[Python-Dev] 2.7 is here until 2020, please don't call it a waste.
a.badger at gmail.com
Sat May 30 16:26:23 CEST 2015
On May 30, 2015 1:56 AM, "Nick Coghlan" <ncoghlan at gmail.com> wrote:
> Being ready, willing and able to handle the kind of situation created
> by the Python 2->3 community transition is a large part of what it
> means to offer commercial support for community driven open source
> projects, as it buys customers' time for either migration technologies
> to mature to a point where the cost of migration drops dramatically,
> for the newer version of a platform to move far enough ahead of the
> legacy version for there to be a clear and compelling business case
> for forward porting existing software, or (as is the case we're aiming
> to engineer for Python), both.
Earlier, you said that it had been a surprise that people were against this
change. I'd just point out that the reason is bound up in what you say
here. Porting performance features from python 3 to python 2 has the
disadvantage of cutting into a compelling business case for users to move
forward to python 3. so doing this has a cost to python 3 adoption.
But, the question is whether there is a benefit that outweighs that cost.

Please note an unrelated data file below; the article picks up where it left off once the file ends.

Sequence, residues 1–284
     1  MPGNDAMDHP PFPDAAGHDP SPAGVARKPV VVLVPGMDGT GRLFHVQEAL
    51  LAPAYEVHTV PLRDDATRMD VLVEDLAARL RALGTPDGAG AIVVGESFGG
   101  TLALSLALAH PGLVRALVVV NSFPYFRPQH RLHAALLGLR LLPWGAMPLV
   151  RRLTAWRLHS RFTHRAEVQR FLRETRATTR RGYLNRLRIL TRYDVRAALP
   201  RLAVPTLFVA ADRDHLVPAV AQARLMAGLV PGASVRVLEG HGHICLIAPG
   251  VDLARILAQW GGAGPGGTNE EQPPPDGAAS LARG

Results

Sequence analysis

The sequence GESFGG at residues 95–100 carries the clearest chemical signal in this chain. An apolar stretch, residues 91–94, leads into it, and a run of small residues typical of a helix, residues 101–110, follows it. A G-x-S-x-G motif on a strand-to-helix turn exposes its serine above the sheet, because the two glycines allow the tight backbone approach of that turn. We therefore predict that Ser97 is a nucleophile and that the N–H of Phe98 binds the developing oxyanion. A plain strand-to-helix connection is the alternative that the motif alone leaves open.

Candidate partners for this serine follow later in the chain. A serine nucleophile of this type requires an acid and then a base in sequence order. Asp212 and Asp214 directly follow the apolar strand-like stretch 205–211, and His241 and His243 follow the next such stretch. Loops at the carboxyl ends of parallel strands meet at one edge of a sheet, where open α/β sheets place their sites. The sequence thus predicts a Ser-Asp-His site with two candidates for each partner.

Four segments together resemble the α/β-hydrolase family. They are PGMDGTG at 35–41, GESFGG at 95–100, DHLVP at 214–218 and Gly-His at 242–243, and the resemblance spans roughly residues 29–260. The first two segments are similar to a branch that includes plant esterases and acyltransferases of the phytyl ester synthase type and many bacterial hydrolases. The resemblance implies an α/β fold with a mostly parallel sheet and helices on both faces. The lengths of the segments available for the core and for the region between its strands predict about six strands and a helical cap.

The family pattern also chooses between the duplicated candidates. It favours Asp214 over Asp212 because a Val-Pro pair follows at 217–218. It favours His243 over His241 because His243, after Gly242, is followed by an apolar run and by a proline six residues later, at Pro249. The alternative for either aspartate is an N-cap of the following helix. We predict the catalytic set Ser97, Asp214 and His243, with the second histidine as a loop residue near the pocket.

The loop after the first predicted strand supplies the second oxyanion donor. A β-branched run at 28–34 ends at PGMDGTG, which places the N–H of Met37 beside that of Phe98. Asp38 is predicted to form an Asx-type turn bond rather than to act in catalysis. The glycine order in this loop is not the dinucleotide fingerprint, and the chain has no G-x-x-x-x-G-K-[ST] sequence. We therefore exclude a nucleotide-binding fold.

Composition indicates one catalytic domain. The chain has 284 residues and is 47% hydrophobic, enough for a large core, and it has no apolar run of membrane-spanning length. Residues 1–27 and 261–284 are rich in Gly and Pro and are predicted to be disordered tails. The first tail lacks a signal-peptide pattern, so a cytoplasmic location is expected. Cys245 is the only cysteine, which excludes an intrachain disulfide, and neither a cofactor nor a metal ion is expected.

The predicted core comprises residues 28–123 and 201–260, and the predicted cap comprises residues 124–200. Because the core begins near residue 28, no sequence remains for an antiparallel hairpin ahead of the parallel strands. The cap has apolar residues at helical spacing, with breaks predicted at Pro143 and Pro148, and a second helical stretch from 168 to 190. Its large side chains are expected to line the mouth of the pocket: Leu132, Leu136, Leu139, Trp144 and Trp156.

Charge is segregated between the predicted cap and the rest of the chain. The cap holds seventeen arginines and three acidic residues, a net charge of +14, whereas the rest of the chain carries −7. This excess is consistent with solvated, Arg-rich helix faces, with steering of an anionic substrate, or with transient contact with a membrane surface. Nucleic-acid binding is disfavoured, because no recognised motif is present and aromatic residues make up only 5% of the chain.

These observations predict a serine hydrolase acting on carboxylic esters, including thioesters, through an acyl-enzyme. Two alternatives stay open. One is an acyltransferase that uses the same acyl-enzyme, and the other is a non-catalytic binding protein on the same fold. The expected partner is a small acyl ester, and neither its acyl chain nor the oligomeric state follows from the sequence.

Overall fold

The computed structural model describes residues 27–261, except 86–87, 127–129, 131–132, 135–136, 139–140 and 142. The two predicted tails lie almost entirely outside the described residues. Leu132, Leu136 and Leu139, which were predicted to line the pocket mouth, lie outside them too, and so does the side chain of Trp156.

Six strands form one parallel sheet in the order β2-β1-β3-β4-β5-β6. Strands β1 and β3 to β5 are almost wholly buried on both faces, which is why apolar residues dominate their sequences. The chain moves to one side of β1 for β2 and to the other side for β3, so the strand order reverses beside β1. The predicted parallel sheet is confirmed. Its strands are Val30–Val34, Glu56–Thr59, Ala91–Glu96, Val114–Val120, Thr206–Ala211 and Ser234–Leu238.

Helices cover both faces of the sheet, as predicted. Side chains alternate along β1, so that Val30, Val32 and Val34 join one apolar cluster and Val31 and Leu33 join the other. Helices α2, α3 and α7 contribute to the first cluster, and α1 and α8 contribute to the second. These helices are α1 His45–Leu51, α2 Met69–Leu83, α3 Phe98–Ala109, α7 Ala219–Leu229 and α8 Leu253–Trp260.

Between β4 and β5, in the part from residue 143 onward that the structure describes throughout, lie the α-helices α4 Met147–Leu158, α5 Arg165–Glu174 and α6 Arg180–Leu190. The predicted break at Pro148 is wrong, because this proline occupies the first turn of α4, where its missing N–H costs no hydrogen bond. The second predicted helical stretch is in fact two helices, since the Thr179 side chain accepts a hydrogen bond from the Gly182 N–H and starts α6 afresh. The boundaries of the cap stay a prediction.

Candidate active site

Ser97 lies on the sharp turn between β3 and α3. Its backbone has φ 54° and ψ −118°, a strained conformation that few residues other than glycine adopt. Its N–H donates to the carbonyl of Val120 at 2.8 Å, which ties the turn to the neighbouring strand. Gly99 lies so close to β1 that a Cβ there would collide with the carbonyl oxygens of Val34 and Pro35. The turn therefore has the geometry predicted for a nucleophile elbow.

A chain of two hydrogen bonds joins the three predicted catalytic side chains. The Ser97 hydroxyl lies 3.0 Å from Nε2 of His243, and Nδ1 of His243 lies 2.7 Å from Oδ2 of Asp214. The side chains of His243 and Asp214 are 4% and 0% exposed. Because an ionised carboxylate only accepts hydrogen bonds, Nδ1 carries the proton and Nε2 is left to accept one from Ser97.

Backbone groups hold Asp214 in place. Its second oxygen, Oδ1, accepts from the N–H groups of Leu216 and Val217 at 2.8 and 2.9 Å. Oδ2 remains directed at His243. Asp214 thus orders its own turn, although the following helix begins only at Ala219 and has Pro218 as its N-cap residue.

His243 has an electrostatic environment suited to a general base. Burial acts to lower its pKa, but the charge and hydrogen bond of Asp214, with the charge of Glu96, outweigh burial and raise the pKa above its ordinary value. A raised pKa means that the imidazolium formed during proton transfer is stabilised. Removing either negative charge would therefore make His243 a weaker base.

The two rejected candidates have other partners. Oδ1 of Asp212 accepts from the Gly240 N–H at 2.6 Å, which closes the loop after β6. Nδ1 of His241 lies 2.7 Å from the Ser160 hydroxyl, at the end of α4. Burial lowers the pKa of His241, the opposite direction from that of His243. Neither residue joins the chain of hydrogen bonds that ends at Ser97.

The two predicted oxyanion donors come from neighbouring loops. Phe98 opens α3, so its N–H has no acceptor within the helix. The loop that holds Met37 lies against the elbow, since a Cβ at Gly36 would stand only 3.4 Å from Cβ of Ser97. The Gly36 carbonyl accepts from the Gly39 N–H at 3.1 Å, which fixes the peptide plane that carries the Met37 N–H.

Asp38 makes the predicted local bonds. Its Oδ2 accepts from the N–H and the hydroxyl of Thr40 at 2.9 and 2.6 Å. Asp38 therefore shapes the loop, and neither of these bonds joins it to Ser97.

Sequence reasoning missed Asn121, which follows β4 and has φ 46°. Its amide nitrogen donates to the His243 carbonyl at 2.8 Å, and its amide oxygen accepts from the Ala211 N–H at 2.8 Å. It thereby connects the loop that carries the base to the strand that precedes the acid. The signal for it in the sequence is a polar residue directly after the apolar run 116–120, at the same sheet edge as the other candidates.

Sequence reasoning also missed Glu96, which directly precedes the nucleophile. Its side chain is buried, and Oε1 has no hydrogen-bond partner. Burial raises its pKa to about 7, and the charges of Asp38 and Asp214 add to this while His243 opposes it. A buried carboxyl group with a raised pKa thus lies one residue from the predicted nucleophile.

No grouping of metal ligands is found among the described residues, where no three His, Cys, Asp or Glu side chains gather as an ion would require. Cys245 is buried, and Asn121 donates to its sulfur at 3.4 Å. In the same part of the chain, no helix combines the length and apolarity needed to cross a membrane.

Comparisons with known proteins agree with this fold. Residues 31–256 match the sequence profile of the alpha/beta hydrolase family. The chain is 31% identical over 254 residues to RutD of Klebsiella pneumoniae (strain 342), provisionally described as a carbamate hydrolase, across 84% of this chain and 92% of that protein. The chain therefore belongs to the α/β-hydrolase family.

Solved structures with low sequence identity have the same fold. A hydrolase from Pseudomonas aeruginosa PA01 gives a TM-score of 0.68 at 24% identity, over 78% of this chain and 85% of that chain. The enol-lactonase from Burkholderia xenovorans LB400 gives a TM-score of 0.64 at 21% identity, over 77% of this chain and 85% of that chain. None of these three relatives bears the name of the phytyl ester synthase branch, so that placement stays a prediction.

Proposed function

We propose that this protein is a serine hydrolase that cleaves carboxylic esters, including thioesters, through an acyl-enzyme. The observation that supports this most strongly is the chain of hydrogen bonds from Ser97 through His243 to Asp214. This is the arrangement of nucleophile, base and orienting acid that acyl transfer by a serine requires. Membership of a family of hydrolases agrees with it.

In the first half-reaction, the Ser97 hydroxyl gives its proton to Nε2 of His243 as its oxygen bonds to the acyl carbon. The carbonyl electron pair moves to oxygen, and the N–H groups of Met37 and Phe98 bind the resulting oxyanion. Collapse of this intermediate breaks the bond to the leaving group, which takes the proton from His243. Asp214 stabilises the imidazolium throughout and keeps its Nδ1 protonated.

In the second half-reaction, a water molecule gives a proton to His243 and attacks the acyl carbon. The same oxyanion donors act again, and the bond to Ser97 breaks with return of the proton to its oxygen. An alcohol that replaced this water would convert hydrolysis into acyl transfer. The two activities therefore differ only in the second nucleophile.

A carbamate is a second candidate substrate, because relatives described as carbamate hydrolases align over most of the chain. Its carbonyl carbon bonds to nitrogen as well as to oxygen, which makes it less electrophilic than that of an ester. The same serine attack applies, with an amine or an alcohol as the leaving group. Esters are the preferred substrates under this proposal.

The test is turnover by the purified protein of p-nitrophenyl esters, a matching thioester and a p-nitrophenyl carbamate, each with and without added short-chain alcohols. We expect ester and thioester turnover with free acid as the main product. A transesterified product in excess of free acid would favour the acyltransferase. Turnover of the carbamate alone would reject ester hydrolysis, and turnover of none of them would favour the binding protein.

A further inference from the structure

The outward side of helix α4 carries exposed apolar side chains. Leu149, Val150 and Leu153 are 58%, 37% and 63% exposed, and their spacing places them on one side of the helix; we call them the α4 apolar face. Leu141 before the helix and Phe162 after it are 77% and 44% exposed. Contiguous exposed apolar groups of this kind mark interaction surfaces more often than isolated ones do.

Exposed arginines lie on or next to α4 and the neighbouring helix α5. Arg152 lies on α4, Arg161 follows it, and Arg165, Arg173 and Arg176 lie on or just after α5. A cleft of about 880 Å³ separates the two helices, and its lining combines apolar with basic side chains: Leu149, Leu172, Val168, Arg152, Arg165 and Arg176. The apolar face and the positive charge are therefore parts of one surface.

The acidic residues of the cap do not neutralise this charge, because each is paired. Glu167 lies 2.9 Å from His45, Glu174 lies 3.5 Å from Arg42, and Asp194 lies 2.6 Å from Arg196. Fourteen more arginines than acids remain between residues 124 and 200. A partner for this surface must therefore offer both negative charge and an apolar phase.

I think seeing more steady, reliable contributors to python core is a very
large payment. Sure, for now that payment is aimed at extending the legs
on the legacy version of python but at some point in the future python 2's
legs will be well and truly exhausted. When that happens both the
developers who have gained the skill of contributing to cpython and the
companies who have invested money in training people to be cpython
contributors will have to decide whether to give up on all of that or
continue to utilize those skills and investments by bettering python 3.
I'd hope that we can prove ourselves a welcoming enough community that
they'd choose to stay.
 In fact, performance differences are a rather safe way to build
compelling business cases for forwards porting. Safe because it is a
difference (unlike api and feature differences) that will not negatively
affect your ability to incrementally move your code to python 3.
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